Last year, I posted recipes for two types of Resurrection Cookies and how to teach your children the resurrection story through baking. You can read that post here. This year we are only going to make the following recipe which is the less complicated of the two types. This is a great & unique way to teach your children about the resurrection!

RESURRECTION COOKIES

Ingredients:

Large Marshmallows

Crescent Rolls (uncooked)

Sugar/Cinnamon Mixture

1. Wrap an uncooked crescent roll  around most of the marshmallow–leaving one side of the marshmallow exposed.

~~The crescent roll represents the tomb and the marshmallow shows that the tomb is not empty.

2. Roll the crescent roll/marshmallow tomb in the sugar/cinnamon mixture.

3. Place them on a cookie sheet and bake according to crescent roll directions.

~~Read the resurrection story (using a Children’s Bible or book on your child’s level).

5. As they bake; the marshmallow will melt. Remove them from the oven according to directions.

~~You will have an empty tomb!

***** 

Do You Observe Lent? Why or Why Not?

I am fairly new to the whole Lent concept. I was introduced to it a year or so ago. Got Questions?org gives this definition of Lent:

“Lent is a period of fasting and repentance traditionally observed by Catholics and some Protestant denominations in preparation for Easter. The length of the Lenten fast was established in the 4th century as 40 days. During this time, participants eat sparingly or simply give up a particular food or habit. Ash Wednesday and Lent began as a way for Catholics to remind themselves to repent of their sins in a manner similar to how people in the Old Testament repented in sackcloth, ashes, and fasting (Esther 4:1-3Jeremiah 6:26Daniel 9:3Matthew 11:21).”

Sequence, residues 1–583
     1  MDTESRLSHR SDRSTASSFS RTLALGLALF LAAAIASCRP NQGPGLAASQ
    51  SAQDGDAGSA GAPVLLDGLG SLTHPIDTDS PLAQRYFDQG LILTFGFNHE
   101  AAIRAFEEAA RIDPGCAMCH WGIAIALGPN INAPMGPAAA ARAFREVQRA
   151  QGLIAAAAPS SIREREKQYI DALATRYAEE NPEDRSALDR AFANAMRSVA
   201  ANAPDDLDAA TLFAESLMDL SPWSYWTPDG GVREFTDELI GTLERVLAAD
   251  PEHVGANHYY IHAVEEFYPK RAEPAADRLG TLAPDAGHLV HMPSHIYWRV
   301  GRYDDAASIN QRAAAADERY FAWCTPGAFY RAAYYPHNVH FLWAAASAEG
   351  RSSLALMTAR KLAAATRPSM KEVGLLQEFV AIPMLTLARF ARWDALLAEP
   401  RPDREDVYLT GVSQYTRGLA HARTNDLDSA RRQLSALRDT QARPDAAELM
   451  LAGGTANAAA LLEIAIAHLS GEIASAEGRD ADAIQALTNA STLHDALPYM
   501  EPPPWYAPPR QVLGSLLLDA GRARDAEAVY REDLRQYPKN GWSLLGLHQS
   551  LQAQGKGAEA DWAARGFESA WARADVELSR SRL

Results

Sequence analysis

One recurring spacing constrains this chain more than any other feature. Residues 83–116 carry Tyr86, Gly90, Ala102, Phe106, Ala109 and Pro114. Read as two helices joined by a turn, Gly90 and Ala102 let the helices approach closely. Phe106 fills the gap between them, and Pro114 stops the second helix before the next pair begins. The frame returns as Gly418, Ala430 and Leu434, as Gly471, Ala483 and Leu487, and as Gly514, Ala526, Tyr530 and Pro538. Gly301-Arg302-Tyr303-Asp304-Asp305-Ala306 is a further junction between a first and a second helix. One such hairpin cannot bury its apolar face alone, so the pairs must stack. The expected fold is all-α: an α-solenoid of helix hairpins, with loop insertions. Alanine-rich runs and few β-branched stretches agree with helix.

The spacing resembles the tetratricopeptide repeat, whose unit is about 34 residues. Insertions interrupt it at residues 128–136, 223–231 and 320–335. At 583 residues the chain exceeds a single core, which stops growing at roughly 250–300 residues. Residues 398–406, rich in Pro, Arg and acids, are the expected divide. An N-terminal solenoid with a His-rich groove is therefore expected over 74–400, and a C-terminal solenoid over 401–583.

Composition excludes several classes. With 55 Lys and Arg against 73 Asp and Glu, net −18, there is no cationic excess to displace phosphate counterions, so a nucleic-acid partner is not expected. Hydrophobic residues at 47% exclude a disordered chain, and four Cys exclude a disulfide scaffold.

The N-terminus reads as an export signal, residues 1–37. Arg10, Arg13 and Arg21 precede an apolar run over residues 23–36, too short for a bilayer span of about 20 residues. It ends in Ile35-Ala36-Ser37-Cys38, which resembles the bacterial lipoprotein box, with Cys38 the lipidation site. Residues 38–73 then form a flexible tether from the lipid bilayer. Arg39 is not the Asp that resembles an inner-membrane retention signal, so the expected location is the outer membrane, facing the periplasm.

It is important to note that Lent or any other Christian tradition or act of faith is NOT required in order to receive God’s gift of salvation. For some people, the motives may be wrong or they will be doing it because they were told to. For me, it is a time of reflection and a time to remove something from my life that is hindering a closer relationship with God.

Two years ago, I gave up Starbucks coffee. That was my addiction and I was spending a lot of money which should have been going other places. Last year, I gave up Facebook gaming. At the time, we lived in Okinawa, Japan and Facebook was pretty much our only communication to anyone in the states so I did not give up social networking all together. But gaming was taking up a lot more of my time than what I was spending with God.

I am still praying about what to fast from this year.

This year my church is doing the Ashes to Fire study. I’m excited to do an actual study to go along with fasting. It will be interesting to see how God moves in our church over the next several weeks!

 

Do You Observe Lent?

Why or Why Not?

Those Were My Nails

Continuing on the Easter theme; I wanted to share a song that I have listened to several times over the past few weeks. In fact, it was one of the songs played during communion on Easter Sunday at our church. For me, it is very emotional and convicting. How often do we think about the things that we do which caused the need for a Savior? How often do we reflect on what Jesus actually went through before and on the cross… for us?

“This is how God showed his love among us: He sent his one and only Son into the world that we might live through him. This is love: not that we loved God, but that he loved us and sent his Son as an atoning sacrifice for our sins.” 1 John 4:9-10